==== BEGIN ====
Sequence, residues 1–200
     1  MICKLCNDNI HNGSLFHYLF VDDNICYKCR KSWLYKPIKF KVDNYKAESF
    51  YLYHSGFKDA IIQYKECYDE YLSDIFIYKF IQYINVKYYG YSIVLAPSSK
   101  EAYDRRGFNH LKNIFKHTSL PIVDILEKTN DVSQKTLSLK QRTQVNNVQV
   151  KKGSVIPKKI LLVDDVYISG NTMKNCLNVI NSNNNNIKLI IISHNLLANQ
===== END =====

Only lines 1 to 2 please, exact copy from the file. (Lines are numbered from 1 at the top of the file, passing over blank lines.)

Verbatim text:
Sequence, residues 1–200
     1  MICKLCNDNI HNGSLFHYLF VDDNICYKCR KSWLYKPIKF KVDNYKAESF